Democrat Andrew Beshear, the 36-year-old son of Gov. Steve Beshear, has raised $1.48 million as the only declared candidate in the November 2015 election for Kentucky attorney general.
It's an impressive sum — incumbent Attorney General Jack Conway spent less than $1.9 million combined on his two successful campaigns — but the source of much of that money concerns ethics watchdogs and legal observers, who question how vigorously Andrew Beshear could protect the public interest as Kentucky's top law-enforcement official.
At the 87 fundraising events Andrew Beshear reported as of Sept. 30, he raked in contributions from many with a financial stake in his father's Democratic administration — executive branch political appointees, Frankfort lobbyists, state contractors and state-regulated industries, including coal, health care and banking.
Andrew Beshear, who says campaign donations would not influence his actions if he's elected, also collects from executives and political action committees of companies that have been the targets of Kentucky's attorneys general, such as highway contractor Mountain Enterprises, cigarette maker Philip Morris and for-profit Daymar College, as well as utility companies, such as Louisville Gas & Electric and Kentucky Utilities, for whom the attorney general is supposed to be the opponent when rate increases are requested.Look up donors with our database and get details on addresses, employers, types of donations, amounts, spouses and more.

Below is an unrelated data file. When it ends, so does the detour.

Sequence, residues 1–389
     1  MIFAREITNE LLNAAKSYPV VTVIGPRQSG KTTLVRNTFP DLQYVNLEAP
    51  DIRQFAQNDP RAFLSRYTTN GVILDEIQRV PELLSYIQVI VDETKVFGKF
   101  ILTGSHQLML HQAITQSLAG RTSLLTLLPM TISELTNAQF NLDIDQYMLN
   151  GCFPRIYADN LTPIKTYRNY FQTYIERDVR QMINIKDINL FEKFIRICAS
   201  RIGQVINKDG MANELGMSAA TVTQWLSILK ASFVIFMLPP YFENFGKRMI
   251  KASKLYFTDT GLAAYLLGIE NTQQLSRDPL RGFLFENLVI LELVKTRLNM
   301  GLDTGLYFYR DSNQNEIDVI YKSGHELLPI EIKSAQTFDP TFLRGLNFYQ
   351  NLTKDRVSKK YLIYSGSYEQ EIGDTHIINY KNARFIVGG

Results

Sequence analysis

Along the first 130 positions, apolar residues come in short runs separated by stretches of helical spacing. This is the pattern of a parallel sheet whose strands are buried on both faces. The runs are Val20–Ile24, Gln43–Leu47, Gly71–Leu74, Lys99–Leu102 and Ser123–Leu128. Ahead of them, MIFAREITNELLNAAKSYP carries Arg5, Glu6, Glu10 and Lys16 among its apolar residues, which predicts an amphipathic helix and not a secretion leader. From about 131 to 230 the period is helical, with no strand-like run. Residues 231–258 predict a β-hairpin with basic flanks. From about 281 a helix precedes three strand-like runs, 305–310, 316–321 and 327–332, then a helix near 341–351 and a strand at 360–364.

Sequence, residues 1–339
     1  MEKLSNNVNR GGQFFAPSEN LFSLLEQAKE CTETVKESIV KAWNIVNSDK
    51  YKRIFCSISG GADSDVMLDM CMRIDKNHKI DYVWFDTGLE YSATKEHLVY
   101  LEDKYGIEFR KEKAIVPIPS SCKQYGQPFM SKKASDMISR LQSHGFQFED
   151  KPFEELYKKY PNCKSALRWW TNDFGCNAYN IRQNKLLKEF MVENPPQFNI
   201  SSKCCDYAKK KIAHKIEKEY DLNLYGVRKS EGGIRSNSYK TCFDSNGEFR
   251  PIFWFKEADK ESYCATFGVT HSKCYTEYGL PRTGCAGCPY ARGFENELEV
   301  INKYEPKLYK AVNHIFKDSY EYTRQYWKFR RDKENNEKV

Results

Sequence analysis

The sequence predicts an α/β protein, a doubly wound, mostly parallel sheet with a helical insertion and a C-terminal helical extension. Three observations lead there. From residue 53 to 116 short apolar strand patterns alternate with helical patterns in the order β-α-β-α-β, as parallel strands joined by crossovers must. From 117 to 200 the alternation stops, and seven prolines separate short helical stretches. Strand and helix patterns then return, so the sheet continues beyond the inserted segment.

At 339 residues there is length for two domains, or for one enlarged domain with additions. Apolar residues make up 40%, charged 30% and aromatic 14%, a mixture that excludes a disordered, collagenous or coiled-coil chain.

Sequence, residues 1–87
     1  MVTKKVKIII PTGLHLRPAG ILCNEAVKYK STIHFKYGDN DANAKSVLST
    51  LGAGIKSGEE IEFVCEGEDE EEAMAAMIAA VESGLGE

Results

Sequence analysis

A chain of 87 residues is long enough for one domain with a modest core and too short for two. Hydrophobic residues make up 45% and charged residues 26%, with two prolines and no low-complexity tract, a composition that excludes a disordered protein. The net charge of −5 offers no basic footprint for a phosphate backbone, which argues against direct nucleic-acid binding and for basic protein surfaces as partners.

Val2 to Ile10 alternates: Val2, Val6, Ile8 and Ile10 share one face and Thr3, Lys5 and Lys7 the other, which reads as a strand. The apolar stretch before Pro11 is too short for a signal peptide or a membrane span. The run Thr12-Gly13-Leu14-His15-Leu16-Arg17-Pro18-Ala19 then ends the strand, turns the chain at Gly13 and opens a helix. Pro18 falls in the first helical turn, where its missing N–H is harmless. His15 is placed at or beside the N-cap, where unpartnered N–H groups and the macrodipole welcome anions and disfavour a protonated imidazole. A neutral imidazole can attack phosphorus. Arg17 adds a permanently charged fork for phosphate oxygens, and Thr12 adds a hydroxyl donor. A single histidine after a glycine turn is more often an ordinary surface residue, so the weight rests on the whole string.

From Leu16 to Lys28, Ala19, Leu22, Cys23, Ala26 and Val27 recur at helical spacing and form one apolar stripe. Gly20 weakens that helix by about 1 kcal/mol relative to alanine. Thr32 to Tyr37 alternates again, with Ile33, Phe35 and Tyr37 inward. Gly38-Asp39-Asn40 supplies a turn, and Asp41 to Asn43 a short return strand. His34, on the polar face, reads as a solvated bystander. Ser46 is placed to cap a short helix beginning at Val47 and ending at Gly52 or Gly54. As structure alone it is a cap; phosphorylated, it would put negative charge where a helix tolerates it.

The controversy isn't a new one, even if the scale has grown. Conway was criticized as a 2010 U.S. Senate candidate for accepting donations from utility executives whose rate-increase requests his attorney general's office was supposed to scrutinize with a wary eye. Conway said at the time that, despite those donations, his interventions had saved utility ratepayers $100 million.
"The attorney general has law-enforcement powers, both criminal and civil. So you have to be very careful you don't compromise the integrity of the office by taking donations from places where — if you win — there will be questions as to how seriously you'll do the job," Scott White, who was assistant deputy to Attorney General Ben Chandler from 1996 to 2003, said last week.
"Because of its adversarial nature, I think much more caution is necessary for an attorney general candidate than for someone running for governor or the state legislature or some other elected positions," White said.